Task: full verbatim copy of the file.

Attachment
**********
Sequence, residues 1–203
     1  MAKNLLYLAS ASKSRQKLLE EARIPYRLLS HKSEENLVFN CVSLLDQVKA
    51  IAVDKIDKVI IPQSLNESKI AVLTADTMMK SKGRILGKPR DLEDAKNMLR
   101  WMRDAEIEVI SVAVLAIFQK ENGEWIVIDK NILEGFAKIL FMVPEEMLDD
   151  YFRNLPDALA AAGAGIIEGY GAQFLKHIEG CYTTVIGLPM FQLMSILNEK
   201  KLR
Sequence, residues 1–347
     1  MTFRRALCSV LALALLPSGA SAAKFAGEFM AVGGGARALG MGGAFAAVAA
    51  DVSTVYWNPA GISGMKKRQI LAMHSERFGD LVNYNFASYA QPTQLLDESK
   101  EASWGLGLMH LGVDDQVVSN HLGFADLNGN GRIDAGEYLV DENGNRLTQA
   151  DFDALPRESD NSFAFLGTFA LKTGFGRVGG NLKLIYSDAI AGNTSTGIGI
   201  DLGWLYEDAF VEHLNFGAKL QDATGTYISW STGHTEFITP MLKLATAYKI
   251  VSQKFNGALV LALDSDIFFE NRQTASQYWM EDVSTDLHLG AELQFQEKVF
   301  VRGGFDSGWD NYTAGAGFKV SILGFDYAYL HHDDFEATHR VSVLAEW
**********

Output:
Sequence, residues 1–203
     1  MAKNLLYLAS ASKSRQKLLE EARIPYRLLS HKSEENLVFN CVSLLDQVKA
    51  IAVDKIDKVI IPQSLNESKI AVLTADTMMK SKGRILGKPR DLEDAKNMLR
   101  WMRDAEIEVI SVAVLAIFQK ENGEWIVIDK NILEGFAKIL FMVPEEMLDD
   151  YFRNLPDALA AAGAGIIEGY GAQFLKHIEG CYTTVIGLPM FQLMSILNEK
   201  KLR
Sequence, residues 1–347
     1  MTFRRALCSV LALALLPSGA SAAKFAGEFM AVGGGARALG MGGAFAAVAA
    51  DVSTVYWNPA GISGMKKRQI LAMHSERFGD LVNYNFASYA QPTQLLDESK
   101  EASWGLGLMH LGVDDQVVSN HLGFADLNGN GRIDAGEYLV DENGNRLTQA
   151  DFDALPRESD NSFAFLGTFA LKTGFGRVGG NLKLIYSDAI AGNTSTGIGI
   201  DLGWLYEDAF VEHLNFGAKL QDATGTYISW STGHTEFITP MLKLATAYKI
   251  VSQKFNGALV LALDSDIFFE NRQTASQYWM EDVSTDLHLG AELQFQEKVF
   301  VRGGFDSGWD NYTAGAGFKV SILGFDYAYL HHDDFEATHR VSVLAEW